Homeschool in South Carolina: South Carolina Homeschool Laws

By Dr. Jon

State laws change from time to time and though we try to keep the laws up-to-date at all times please check with the department of education for any changes that may have occurred.

There are many reasons to seriously consider homeschooling: you’re in control of what your children are learning, you get to decide how much time you want to spend on different subjects, you can adapt the material to suit your children’s needs, and you don’t have to worry about your children dealing with schoolyard bullies.

Whether you’ve already made this decision or you just plan to, we’re here to show you how to start homeschooling in South Carolina. We’ll help you make full use of the educational potential of South Carolina, we’ll let you in on the South Carolina homeschool requirements, and we’ll offer you a diverse range of useful online homeschool resources that will guarantee your homeschooling success. Use the infographic and video below to create a homeschool that thrives.

South Carolina Homeschool Laws

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The Palmetto State

This beautiful South-Eastern state is a great place to start homeschooling your children, with plenty of hands-on learning opportunities. From nature parks to science museum, South Carolina has it all.

There are plenty of state parks in South Carolina for you and your family to go hiking or camping. You’ve got the Falls Park on the Reedy, in Greenville, the Brookgreen Gardens, in Murrells Inlet, and the Hunting Island State Park, in Beaufort. Wildlife lovers can also watch the lions and koalas at the Riverbanks Zoo and Botanical Garden, and the crocodiles at the Edisto Island Serpentarium.

History lovers will love exploring the Fort Sumter National Monument, the McLeod Plantation, and the Old Slave Mart Museum.

If art’s what your children like, you can visit the Franklin G. Burroughs - Simeon B. Chapin Art Museum, the Columbia Museum of Art, and the Bob Jones University Museum & Gallery. South Carolina also offers some dedicated children’s museums, such as the The Children's Museum of the Upstate, the Kazoo Factory, in Beaufort, and the EdVenture Children's Museum, in Columbia.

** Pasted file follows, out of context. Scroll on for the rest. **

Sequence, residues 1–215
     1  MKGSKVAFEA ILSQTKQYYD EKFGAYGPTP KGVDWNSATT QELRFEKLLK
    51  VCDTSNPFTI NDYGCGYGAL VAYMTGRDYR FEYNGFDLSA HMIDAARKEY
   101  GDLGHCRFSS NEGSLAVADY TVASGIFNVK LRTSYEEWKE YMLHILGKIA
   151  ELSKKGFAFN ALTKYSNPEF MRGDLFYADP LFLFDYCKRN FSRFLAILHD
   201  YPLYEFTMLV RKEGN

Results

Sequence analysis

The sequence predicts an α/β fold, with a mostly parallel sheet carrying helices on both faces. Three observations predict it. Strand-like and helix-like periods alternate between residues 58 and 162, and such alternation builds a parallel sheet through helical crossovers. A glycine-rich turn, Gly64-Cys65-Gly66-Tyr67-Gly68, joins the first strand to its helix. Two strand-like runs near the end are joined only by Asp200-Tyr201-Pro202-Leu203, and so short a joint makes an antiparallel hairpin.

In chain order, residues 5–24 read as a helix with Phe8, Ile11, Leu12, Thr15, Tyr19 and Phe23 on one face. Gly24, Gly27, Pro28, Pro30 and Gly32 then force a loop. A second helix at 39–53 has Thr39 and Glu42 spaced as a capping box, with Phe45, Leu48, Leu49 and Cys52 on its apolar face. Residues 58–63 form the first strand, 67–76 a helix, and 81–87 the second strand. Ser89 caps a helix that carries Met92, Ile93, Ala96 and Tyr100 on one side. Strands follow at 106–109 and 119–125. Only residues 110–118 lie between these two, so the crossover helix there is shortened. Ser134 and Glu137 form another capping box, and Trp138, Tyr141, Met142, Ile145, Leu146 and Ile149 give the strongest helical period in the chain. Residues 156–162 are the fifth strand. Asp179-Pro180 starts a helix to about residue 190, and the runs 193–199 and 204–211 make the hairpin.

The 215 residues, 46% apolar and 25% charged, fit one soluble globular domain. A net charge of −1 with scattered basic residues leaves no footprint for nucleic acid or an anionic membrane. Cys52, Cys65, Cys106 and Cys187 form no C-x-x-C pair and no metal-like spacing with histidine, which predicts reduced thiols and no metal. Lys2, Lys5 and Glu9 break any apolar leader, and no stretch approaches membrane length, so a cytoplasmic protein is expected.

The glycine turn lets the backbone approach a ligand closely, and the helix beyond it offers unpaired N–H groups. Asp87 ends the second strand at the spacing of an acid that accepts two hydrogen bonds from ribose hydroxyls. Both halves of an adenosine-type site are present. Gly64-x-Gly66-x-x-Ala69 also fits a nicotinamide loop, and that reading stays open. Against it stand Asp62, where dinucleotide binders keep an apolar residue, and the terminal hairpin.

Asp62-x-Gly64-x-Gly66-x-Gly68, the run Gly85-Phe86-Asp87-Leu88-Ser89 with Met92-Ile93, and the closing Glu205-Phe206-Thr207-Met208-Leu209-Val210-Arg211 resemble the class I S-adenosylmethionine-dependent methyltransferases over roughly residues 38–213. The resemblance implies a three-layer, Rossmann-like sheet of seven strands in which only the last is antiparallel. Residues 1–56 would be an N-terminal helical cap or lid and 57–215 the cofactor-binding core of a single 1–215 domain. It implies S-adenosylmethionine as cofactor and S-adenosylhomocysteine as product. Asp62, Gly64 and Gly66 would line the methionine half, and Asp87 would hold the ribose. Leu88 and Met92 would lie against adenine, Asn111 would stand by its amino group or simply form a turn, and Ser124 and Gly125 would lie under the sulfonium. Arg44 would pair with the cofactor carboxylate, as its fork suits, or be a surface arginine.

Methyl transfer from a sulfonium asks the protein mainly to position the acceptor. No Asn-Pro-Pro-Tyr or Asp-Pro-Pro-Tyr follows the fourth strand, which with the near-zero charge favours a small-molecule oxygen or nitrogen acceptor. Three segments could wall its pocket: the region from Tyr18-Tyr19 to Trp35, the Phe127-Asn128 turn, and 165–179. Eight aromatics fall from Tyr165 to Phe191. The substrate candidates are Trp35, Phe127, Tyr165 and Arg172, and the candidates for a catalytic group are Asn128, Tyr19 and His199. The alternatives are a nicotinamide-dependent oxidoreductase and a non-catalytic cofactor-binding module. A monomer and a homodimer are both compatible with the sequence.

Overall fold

South Carolina Homeschool Laws

You’ve got three options if you plan to homeschool in South Carolina: you can apply for approval directly to the local district board of trustees, you can opt for a membership in the South Carolina Association of Independent Home Schools, or you can join a homeschool association with at least fifty members.

If you go for the first option, you’ll need to undergo an approval process, in which the local district board of trustees will assess your instruction plan, evaluation procedures etc. You can read more about it here.

You’ll need a high school diploma or GED in order to start homeschooling, and you’ll need to provide at least 180 days of 4.5 instruction hours per day, covering social studies, reading, writing, math, science, composition and literature.

You’ll have to keep a record of your children’s work and assessment, and your children will have to undergo annual testing using the Basic Skills Assessment Program of the public schools. The state may intervene, if the children aren’t making adequate progress.

If you opt to homeschool under the supervision of the South Carolina Association of Independent Home Schools, or a different homeschool association, you’ll still need a high school diploma or a GED, but there won’t be any legal assessment requirements. However, you’ll still need to do the same basic bookkeeping if you go for the third option (another association other than South Carolina Association of Independent Home Schools).

Part-time enrollment in the local public school, participation in extracurricular activities, and special needs services are all available to homeschooled children.

South Carolina Homeschool Friendliness Grade: C

While the South Carolina homeschool laws may seem a bit restrictive, you still have some liberty in choosing which way you want to go about homeschooling. We’re giving South Carolina a C in terms of homeschool friendliness – there’s really nothing wrong with the legal system, and the variety of options allow you to get all the support you need.

Conclusion

Homeschooling in South Carolina shouldn’t be too difficult, even though you’ll need a bit of work to get started. However, the friendly community and the multitude of online resources will help you along the way, so you can offer your children the best home-based education possible.

If you have any questions on the homeschool laws in South Carolina, don’t hesitate to contact us – we’re always here to help you.

Resources

http://www.scaihs.org/ - the official webpage of the South Carolina Association of Independent Home Schools offers news and support to homeschooling families throughout the state

http://www.carolinahomeschooler.com/ - this is another homeschooling association where you can find plenty of ideas and resources

http://www.hslda.org/hs/state/sc/ - the official HSLDA website is a great place to find information on the South Carolina homeschool laws and news related to homeschooling in SC

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